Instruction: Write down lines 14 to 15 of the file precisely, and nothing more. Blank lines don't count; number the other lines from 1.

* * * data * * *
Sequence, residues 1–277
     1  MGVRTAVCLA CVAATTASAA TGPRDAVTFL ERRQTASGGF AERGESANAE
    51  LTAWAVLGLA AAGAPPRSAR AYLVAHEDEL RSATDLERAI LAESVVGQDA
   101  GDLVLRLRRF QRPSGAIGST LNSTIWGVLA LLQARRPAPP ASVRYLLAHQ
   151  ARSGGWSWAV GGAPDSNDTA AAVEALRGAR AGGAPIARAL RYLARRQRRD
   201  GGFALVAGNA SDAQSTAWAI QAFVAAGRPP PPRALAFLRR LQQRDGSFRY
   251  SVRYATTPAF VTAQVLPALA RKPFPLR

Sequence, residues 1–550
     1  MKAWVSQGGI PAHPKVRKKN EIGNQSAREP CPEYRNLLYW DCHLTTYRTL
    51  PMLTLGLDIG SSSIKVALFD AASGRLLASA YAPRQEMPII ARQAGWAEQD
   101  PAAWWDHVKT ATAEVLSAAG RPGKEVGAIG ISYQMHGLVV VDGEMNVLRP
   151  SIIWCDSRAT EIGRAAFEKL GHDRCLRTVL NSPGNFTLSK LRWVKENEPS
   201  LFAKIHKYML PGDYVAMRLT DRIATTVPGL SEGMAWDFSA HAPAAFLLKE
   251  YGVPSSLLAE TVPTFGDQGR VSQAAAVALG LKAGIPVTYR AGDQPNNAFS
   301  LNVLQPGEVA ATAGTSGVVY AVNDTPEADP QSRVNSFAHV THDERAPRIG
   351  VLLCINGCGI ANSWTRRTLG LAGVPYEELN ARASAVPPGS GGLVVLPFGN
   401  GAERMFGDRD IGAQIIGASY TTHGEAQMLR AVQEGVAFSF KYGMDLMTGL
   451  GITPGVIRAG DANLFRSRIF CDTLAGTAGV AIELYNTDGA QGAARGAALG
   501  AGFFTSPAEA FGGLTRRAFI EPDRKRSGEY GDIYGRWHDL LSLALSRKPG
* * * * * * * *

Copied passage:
   251  YGVPSSLLAE TVPTFGDQGR VSQAAAVALG LKAGIPVTYR AGDQPNNAFS
   301  LNVLQPGEVA ATAGTSGVVY AVNDTPEADP QSRVNSFAHV THDERAPRIG